Sunday, May 16, 2010

Jenny McCarthy and the immunization debate

Five years ago, who would have believed that Jenny McCarthy would become such a polarizing figure in a current public health debate? Today, she is so loved by some that they bear signs urging her to be our president. She has become a hero for many parents of autistic children and reviled by some proponents of public immunization. Why? Her own son was diagnosed with autism, and she got busy educating herself on the disease. What she learned turned her into an advocate for parents of children with autism who believed that the vaccination MMR, was instrumental in triggering the onset of the autism. Is she right to forward a cause demanding the government, NIH, CDC, and pharmaceutical industry study the safety of our vaccines? Is it appropriate to suggest parents should delay or forgo vaccinating their children? Numerous studies have indicated that the neither the MMR vaccine, nor one of its components, thimerisol, are causative in autism. Hardly any reputable studies show that they are. But some parents insist that they know there is a correlation.

Public health officials are frustrated with this population of parents who question and reject the advice of their pediatricians to immunize their children. These officials say it is a public health risk, and that non-immunized children threaten the health of those whose health prevents them from being able to be immunized. They are certainly correct in the fact that the diseases we vaccinate against are horrible, devastating diseases, and we do not want them to see them return as a common threat to the population. But are they right to say parents have a responsibility to the community that dictates that they immunize their children? Here, I take objection with public health officials. No parent has a responsibility to BLINDLY inject his or her child with anything for the good of the child or the community without questioning the safety and efficacy of said injection. In fact, as Americans, it is a fundamental right to stand up and demand the information we deserve. If public health officials have been unable to convince those parents who do not trust the vaccines' safety, they need to work harder.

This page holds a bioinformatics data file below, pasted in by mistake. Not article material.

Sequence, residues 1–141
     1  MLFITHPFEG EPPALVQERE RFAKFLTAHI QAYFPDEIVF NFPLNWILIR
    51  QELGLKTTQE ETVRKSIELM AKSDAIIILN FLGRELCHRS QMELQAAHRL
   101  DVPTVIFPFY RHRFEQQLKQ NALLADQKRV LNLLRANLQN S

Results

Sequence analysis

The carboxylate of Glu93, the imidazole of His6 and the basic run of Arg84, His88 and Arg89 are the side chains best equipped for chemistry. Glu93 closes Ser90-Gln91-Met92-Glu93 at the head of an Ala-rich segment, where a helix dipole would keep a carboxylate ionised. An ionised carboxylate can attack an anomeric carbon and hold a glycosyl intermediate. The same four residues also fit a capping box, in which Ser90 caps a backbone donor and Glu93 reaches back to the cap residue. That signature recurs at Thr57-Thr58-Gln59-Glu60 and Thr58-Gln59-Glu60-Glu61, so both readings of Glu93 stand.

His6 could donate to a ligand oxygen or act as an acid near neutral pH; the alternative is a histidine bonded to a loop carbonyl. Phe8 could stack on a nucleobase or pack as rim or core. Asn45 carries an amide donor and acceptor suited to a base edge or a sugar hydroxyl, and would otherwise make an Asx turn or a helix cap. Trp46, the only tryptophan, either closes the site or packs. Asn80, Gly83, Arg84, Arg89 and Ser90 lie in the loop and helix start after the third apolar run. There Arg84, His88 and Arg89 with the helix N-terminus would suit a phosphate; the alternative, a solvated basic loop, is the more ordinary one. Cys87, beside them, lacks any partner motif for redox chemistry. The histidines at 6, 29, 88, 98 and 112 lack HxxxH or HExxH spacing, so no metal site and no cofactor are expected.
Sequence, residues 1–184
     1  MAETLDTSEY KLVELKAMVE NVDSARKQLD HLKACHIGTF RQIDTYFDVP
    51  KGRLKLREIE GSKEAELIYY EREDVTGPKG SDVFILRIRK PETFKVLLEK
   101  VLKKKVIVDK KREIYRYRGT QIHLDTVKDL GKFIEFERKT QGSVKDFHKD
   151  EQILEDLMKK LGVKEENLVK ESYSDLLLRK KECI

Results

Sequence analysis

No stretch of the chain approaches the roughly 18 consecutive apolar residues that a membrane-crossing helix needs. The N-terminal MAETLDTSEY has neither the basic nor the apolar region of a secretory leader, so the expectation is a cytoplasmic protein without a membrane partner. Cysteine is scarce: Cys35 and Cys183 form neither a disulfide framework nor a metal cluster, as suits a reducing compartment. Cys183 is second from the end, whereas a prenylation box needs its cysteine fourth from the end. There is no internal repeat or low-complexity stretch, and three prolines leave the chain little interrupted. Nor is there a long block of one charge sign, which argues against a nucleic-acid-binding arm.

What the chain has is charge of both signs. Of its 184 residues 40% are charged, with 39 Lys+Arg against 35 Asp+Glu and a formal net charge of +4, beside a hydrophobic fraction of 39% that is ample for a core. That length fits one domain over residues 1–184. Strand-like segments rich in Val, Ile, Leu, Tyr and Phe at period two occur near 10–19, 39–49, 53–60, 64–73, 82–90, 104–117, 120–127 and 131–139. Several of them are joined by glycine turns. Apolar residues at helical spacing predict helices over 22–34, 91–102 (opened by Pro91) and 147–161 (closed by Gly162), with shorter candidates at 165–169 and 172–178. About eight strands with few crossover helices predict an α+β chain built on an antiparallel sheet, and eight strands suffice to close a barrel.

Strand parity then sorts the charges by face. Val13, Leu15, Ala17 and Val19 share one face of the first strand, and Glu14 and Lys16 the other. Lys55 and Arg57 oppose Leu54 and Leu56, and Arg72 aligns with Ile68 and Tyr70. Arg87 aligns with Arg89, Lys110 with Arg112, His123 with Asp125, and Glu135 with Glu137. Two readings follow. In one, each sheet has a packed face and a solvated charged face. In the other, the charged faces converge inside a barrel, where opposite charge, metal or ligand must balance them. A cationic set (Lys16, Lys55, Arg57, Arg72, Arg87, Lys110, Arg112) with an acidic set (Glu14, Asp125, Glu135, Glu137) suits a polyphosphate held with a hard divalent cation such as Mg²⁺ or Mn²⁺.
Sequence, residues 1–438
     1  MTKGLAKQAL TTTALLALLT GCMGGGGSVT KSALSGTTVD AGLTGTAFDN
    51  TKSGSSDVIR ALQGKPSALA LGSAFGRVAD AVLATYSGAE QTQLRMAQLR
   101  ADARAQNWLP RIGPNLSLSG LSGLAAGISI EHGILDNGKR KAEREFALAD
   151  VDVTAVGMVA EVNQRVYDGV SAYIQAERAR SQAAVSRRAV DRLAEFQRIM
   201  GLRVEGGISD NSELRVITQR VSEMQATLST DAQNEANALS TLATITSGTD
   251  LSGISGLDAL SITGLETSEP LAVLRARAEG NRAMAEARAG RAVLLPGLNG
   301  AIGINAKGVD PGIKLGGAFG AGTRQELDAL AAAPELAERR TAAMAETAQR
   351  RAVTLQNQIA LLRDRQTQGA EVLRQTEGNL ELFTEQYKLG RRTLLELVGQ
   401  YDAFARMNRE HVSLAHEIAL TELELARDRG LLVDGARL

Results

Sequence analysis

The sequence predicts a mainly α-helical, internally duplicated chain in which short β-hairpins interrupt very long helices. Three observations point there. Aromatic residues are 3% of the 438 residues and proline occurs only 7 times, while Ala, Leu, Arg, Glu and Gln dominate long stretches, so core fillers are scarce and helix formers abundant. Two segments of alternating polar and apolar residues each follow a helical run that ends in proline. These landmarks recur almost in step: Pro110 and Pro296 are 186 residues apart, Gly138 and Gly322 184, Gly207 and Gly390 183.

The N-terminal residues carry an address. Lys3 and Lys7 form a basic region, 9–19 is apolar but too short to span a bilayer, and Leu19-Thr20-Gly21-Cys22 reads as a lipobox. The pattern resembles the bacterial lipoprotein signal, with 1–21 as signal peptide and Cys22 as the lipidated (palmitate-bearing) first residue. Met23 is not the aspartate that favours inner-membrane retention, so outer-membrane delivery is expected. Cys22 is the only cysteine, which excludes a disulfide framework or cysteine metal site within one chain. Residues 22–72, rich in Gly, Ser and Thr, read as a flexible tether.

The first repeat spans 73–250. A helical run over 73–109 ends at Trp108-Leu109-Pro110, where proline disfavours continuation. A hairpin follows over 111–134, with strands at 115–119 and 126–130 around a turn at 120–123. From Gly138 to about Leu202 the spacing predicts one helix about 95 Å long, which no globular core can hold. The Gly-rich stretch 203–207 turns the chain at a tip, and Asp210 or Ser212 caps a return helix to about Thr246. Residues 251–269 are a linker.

I believe Ms. McCarthy and other parents want to communicate with the doctors, scientists, and officials to understand everything that has been and could be studied about these vaccines. I wanted to know, and I am fortunate to have the scientific and experimental experience that enabled me to understand the studies. I am truly convinced that my children would benefit from being vaccinated, and I have elected to do so. But each and every parent should be allowed, and even encouraged, to understand and accept that information. Public health officials should be required to render this information in a manner that is easily understandable to the common public. If parents do not accept or agree with it, I believe it is their right to do what they feel is best for their kids. As far as their responsibility to the public health, I think it is appropriate to isolate these children from public schools and other environments where they could pose a threat to other children.

I certainly do not hate Ms. McCarthy for disagreeing with me. I actually admire her dedication and commitment to furthering a cause she trusts is in the best interest of not only her child, but those of many parents. I think they should be taken very seriously, and be involved in an open national discussion on the safety and importance of vaccination, despite whatever previous experience they may have had or whatever the cause for their celebrity. They are concerned parents, and they are Americans. That makes their voice worth being heard. And they do not appear to be going away.

"The oppression of any people for opinion’s sake has rarely had any other effect than to fix those opinions deeper, and render them more important." - Hosea Ballou